The Doctor, Nyssa, and Tegan arrive in London on 23 October 1843; Tegan is amazed at the primitive state of the city, which is both relaxed and busy at the same time. Visiting Trafalgar Square, they discover a number of stone lions, but quickly discover that the lions are only visible to the three of them. The Doctor concludes there is a perception filter in place, but one that can only affect people of this time.
The Doctor climbs the newly-constructed Nelson’s Column to have a look around. At the top, he finds two men, Samuel Morton Peto and Thomas Grissell, who are the contractors responsible for construction of the column. They are famously having tea at the top of the still-statueless column, along with twelve of the stonemasons. The stonemasons are nowhere to be seen, however. The two contractors have been possessed by a predatory race called the Sevakrill, who have used them—to the Doctor’s disgust—to devour the twelve stonemasons. It is a celebratory dinner, to be sure; but it is the Sevakrill who are celebrating their own impending conquest!
The column, they reveal, holds a missile that is scheduled to destroy the Earth, but not until 2017, when it will serve to distract their enemies, a force called the Charnal Horde; and it will entertain the Sevakrill as well. The Doctor speaks to the two men instead of the Sevakrill, and tries to get them to build a mental barrier against the Sevakrill, using Nelson’s honorable example for strength.
Below, the lions begin chasing Nyssa and Tegan at the command of the Sevakrill, in order to disrupt the Doctor’s efforts. Eight people—seven civilians and a policeman—are killed during the chase. The lions are interrupted as the Sevakrill are forced out of their hosts; and the lions return to their plinth. The hosts are left with their freedom and a stomachache; the Doctor declines to tell them that it comes from their unwitting cannibalism.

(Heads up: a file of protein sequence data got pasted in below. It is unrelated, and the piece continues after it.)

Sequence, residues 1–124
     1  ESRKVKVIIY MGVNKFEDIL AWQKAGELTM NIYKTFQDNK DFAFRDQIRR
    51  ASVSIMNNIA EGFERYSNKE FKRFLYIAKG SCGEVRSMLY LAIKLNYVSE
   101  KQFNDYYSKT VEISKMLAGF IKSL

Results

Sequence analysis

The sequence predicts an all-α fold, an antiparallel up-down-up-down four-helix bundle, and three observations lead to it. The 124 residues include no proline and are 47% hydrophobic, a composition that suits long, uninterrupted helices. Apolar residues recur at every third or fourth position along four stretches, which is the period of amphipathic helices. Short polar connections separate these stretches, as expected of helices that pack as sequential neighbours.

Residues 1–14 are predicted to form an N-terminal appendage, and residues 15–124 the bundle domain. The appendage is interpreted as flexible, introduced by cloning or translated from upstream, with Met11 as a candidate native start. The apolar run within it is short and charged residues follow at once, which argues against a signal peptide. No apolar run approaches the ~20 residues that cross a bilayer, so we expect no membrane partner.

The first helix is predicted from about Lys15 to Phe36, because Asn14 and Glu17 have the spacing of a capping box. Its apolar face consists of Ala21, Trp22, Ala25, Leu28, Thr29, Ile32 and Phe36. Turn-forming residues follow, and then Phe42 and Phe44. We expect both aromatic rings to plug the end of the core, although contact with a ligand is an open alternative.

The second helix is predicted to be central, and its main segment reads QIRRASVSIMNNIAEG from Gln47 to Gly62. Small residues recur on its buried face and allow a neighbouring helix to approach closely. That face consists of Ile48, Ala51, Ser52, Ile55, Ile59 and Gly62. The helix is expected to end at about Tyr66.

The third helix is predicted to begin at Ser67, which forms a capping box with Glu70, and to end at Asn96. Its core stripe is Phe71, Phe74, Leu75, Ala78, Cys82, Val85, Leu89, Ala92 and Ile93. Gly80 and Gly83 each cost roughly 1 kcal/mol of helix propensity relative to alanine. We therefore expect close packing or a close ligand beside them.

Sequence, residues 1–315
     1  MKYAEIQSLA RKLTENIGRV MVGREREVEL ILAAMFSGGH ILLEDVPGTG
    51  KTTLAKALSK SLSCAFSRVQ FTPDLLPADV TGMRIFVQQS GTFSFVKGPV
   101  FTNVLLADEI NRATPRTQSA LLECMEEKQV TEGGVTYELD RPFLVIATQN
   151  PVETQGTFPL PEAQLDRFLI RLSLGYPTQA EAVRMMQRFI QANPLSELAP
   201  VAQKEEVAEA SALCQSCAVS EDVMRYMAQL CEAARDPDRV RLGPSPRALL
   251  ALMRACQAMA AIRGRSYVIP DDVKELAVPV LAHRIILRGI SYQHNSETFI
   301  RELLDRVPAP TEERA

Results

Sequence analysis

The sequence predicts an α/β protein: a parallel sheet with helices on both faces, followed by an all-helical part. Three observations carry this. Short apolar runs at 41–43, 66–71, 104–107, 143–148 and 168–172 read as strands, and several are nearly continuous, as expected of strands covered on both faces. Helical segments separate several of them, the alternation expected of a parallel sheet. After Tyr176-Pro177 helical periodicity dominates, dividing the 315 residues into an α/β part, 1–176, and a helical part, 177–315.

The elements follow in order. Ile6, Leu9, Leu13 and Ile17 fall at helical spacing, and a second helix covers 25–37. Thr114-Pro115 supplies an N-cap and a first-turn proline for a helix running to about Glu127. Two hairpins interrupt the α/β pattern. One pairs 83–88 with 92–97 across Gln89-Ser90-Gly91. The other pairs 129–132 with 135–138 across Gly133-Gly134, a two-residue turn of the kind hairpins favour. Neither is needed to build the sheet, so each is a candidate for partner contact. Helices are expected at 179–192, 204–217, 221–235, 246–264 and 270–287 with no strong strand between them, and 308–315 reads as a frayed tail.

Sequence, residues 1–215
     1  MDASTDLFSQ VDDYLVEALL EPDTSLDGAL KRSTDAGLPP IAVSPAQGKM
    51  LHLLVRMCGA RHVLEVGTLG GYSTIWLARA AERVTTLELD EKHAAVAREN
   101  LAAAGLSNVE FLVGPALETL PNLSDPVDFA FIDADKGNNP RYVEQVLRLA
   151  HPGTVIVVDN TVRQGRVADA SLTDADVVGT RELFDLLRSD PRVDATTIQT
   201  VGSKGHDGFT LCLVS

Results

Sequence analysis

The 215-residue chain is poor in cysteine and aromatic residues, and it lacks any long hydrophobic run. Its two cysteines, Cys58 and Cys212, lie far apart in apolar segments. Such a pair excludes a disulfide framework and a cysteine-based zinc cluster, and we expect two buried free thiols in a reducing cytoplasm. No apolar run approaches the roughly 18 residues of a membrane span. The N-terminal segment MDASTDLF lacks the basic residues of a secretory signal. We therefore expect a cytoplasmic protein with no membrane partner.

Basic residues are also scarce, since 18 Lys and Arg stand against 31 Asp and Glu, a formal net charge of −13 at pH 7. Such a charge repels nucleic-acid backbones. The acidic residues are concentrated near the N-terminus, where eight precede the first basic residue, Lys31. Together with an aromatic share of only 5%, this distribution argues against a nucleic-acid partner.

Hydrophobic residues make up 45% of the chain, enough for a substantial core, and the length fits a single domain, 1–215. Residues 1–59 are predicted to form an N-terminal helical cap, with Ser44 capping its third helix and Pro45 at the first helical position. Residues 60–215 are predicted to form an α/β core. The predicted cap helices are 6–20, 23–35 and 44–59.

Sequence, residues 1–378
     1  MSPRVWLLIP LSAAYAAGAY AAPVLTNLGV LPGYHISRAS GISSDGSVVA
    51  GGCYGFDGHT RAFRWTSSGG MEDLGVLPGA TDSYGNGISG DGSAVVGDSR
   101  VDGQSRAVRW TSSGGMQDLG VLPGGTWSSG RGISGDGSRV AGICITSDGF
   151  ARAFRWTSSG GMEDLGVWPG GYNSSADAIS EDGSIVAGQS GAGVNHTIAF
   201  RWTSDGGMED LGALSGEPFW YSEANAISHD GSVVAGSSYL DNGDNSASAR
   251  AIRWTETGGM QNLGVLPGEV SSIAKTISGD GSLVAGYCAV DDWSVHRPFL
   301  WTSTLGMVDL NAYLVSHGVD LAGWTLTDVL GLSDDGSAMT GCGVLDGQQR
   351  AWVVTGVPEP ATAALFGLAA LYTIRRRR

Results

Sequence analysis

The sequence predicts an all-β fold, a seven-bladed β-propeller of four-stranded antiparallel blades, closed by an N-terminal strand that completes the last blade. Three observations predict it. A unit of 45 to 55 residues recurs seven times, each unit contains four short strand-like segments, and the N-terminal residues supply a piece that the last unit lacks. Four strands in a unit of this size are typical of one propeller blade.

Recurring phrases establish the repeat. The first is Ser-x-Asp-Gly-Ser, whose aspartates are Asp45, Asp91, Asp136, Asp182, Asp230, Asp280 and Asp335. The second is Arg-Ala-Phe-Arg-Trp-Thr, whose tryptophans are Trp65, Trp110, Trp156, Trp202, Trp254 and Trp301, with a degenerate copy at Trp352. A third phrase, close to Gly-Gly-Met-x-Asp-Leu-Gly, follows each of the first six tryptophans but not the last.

The Doctor spends the next two weeks working to remove the missile. He is unable to eliminate it completely, but lowers it into a tunnel below, and puts a floor under it (since the missile is aimed down at the Earth instead of up). He also places a signal that will bring him back if it is every activated. As the lions are still in place—but invisible—he sets the perception filters to switch off in a few decades, and arranges to have the lions covered and then unveiled as if they had been newly placed—thus maintaining known history. He also makes a note to skip ahead thirty-five years and see if anyone has tampered with Cleopatra’s Needle.
The Fifth Doctor’s entries into these early volumes—of which, as a reminder, this is the last—have consistently been some of the most action-packed, but also some of the most ridiculous. This volume, at least, takes a break from the ridiculousness; this is a believable enough adventure as Doctor Who goes. We visit the 23 October 1843 completion of Nelson’s Column, a few weeks before its famous statue is placed; the Doctor is forced to thwart an alien sleeper plot which will eventually—give or take seventeen decades—destroy the Earth. Nyssa and Tegan aren’t much help here, but they do get chased by the titular stone lions, which is really the only reason for the lions to be in the story at all, as historically it would be a few decades before they were built. That sort of splitting of the plot into two parallel tracks is, of course, common in Doctor Who even today, with the Doctor going one way while his companions go a separate-but-related way. Usually the companion’s track is a little more vital to the story, but unfortunately, sometimes—like here—it’s just extraneous.